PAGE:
To confess is to acknowledge. Romans chapter 10 tells us about confessing Jesus as Lord. You can rephrase “confessing” Jesus as Lord and say “acknowledge” or “profess” that Jesus is Lord. You’re saying that “Jesus is Lord” is a true statement. So, when you say, “I confess my sins,” you’re saying, “I have sinned” is a true statement. The acknowledgement that we’re making in confession of sin is that our thoughts, words or deeds were contrary to God, actually sin. John is saying that confession is when you see your sin in the same light as God does. We don’t see sin as a mistake, or a bad mood, or just being grumpy, but as an offense to God. When we’re tempted and give into sin, we’ve rebelled against God, disbelieved his word about what we’ve done, and devalued God. We’ve valued something else above him. We’ve spit on his glory, told him that he’s a liar, and claimed lordship over our own lives. Confession is the heart turning in repentance, seeing God’s glory and grieving for spitting on it, professing the truth of his word, and hating the lies that we believed in sinning. It’s humbling ourselves before the mercy of the true Lord and disowning our own self autonomy.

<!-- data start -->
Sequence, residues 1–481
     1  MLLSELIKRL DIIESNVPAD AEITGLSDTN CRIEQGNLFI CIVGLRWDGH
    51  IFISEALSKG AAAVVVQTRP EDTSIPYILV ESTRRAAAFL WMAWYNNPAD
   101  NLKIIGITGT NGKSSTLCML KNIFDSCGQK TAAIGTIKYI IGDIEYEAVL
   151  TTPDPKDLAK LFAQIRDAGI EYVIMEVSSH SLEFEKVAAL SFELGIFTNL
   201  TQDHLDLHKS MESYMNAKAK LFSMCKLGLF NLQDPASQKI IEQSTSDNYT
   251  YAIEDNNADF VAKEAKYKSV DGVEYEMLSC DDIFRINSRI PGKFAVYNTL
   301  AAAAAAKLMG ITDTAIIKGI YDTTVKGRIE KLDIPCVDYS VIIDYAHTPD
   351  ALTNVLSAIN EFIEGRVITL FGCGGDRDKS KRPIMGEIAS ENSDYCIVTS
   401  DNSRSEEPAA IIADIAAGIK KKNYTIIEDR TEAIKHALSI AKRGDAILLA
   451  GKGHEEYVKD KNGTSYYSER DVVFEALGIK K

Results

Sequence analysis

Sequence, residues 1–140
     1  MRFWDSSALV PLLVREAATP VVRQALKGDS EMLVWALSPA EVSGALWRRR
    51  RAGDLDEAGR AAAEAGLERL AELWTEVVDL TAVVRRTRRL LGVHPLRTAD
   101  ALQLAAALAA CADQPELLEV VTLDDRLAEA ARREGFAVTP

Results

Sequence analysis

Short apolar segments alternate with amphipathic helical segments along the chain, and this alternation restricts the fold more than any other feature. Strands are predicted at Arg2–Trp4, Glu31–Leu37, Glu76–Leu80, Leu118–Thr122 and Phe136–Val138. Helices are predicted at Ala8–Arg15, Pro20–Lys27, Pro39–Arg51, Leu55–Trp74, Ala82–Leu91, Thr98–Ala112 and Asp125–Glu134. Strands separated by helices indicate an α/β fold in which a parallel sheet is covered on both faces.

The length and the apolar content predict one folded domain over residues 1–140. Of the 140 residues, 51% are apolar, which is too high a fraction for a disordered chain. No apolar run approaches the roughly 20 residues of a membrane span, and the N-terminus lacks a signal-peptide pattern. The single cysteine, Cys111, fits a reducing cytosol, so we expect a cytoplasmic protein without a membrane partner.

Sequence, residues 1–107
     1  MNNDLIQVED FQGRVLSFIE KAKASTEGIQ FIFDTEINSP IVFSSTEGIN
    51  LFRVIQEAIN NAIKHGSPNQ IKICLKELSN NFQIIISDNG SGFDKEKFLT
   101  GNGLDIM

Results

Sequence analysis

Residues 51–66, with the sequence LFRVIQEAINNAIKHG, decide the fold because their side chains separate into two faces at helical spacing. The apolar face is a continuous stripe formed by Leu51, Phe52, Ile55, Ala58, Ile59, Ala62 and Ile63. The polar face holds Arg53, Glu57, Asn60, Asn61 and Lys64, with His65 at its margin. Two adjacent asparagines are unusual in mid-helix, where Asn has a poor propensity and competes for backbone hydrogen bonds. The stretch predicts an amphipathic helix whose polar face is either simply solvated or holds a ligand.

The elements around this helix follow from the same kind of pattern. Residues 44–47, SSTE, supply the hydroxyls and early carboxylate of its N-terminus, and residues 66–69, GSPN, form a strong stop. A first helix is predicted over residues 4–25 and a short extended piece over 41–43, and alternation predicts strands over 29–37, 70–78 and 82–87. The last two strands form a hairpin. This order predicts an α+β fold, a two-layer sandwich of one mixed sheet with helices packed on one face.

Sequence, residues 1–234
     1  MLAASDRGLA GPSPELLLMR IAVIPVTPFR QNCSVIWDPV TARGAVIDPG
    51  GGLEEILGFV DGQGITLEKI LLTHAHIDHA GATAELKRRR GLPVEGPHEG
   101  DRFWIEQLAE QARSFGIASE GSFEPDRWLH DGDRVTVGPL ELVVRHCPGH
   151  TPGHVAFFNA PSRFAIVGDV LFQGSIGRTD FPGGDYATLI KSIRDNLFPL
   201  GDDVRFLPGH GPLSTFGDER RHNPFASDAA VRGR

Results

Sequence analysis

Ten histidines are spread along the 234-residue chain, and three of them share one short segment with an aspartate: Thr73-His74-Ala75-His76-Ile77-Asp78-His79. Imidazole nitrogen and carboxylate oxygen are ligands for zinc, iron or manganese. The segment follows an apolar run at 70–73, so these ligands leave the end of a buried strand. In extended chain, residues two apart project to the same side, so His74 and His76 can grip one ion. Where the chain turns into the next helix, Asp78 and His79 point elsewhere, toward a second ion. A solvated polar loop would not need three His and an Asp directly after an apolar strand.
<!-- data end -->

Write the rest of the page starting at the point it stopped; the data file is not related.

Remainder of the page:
Confession is not just negative, but also positive. When you acknowledge the lowness of your sin, you say something of the highness of the one you’ve sinned against. So, even he who is contrite and trembles at God’s word has nothing to give to him. To whom will he who has all power in Heaven and Earth extend fellowship? To those who know that they don’t deserve anything, to those who depend on and revere his words.